Many Sellers who are facing foreclosure are notified by their lender that they should try a loan modification, but the reality is that loan mods don’t work in most cases. Many lenders will deny them or agree to a loan mod that you can’t afford. The worst loan mods are the temporary arrangements, where the bank agrees to accept a reduced payment for 6 -12 months, and then pulls the rug from under you by canceling it after you’ve made all of the payments on time. Some sellers are able to successfully get a loan modification, but many are not. The reason being, if the banks made it easy, then everyone would do it. If you tried to get a loan mod and it didn’t work out, a short sale is your next best option. You can receive relocation assistance, get a fresh start and be ready to buy again in as little as two years.
In March of 2015 the average sale price was $669,824 and increased to $746,332 in March of 2016. This was 11% increase. The average amount of days that sellers waited to accept an offer in March 2015 was 43 days and decreased to 35 days in March of 2016. This means that sellers were able to sell their condos 19% faster. The amount of condos that sold in March of 2015 was 248. For the same period in 2016, 291 condo sold. This was a 17% increase in sales volume. This supports that sellers stand to sell for more money in less time in 2016.
When it comes to making offers in a strong sellers market like we’re seeing in the Spring of 2016, it can be very discouraging for buyers. The key is to first and foremost stay positive and to secondly focus on what you can control. With this in mind I’ve put together a list of 3 things every buyer can do to ensure their offer has a higher probability of success. Obviously the offer price is the first thing a seller will look at, but in addition to the offer amount, theses three strategies may have a significant impact on your offer being accepted.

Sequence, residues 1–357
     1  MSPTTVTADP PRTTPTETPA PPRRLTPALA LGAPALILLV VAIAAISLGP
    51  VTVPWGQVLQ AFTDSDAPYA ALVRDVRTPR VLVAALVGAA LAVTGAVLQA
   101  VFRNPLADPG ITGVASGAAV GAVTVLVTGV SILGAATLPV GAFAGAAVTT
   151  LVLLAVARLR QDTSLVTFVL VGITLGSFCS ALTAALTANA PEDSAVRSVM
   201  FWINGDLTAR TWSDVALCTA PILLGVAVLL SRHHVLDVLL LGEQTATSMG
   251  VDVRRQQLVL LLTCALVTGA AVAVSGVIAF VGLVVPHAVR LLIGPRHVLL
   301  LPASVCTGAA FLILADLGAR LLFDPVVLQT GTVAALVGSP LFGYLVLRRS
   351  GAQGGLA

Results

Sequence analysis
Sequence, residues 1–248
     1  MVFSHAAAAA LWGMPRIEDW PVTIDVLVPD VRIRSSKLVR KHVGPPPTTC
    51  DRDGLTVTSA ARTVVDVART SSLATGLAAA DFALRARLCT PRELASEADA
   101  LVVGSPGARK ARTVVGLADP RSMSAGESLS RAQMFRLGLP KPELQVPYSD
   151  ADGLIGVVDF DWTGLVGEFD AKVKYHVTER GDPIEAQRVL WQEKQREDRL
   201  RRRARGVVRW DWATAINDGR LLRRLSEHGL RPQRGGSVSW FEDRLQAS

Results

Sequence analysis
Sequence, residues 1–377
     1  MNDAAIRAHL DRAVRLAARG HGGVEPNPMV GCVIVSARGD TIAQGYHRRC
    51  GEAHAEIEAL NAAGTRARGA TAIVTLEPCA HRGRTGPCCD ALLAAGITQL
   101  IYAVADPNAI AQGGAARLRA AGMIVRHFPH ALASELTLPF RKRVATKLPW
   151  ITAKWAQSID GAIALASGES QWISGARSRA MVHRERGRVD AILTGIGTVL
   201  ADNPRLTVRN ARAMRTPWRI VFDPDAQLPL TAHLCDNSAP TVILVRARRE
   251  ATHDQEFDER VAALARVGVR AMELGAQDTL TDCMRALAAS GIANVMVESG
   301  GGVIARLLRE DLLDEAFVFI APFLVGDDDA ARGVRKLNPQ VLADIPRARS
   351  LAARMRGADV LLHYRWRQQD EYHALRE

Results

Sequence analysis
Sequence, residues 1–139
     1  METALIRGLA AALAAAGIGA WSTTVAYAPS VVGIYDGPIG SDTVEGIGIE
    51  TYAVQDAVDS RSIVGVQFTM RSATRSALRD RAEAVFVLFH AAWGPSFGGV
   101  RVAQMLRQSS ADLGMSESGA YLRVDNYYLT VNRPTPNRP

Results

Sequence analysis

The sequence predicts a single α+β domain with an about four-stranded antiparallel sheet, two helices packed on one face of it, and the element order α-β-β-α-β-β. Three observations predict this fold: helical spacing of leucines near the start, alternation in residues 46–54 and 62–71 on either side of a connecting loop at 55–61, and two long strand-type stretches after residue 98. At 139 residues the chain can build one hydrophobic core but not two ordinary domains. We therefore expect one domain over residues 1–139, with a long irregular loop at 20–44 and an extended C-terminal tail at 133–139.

Close in under 30 days – For many sellers, this can have a huge impact on whether or not they entertain your offer depending on the circumstances. For example, if a seller is relocating and needs to sell quickly, this will definitely make your offer more attractive. Some lenders may not be able to get it done in less than 30 days so be sure to confirm how fast your lender can get it done before submitting an offer.
Work With A Reputable Lender – When a seller reviews your offer they want to ensure they are engaging with a strong and credit worthy buyer. If you are a cash buyer, then you will definitely have a leg up on the competition as long as the offer amount is competitive. But if you are going to be using financing, make sure you go with a lender that has a strong reputation for getting deals closed on schedule. One of the fastest ways to lose out a home is by working with a “bad” or unknown lender. For example Bank of America has one of the worst reputations for delaying closings or denying borrowers after weeks or months waiting for a response. When the market was booming back in 2006, I had a client that had an approval with ‘Dream Loans Yes.com’. That was actually the lender’s name on the pre-approval. Needless to say, the buyer struggled to get an offer accepted. Most established agents advise their sellers against entertaining offers from unknown and fly by night lenders.
Put Down A Higher Deposit – Another aspect of your offer that can make it appear stronger is if you are able to put down a larger deposit. A buyer putting down 20% looks a lot stronger than a buyer putting down 3%. While it may not be feasible for you to put down 20%, a 10% down payment can help increase the strength of your offer as well.
In addition to these three strategies, you may also consider waiving your inspection and financing contingencies, but this should only be consider by experienced home buyers. While this can really boost your odds of getting an offer accepted, it could cost you your down payment or put you in a situation where the home you purchase requires more work than you are able afford.
Many first time home buyers may not know this, but a Bank of America Pre-approval letter is one of the worst approval letters you can use if you are looking to purchase a home. Many listing agents and sellers refuse to entertain offers from buyers with Bank Of America Pre-approval Letters. The reason for this is the time it takes for them to underwrite loans and provide updates. They may take 4 weeks to review a file and request extensions and then deny a loan. The combination of poor communication and their inability to close on time or close at all have led experienced agents to essentially boycott their services. If you want to submit a competitive offer, choose any lender but BofA and you’ll increase your probability of success!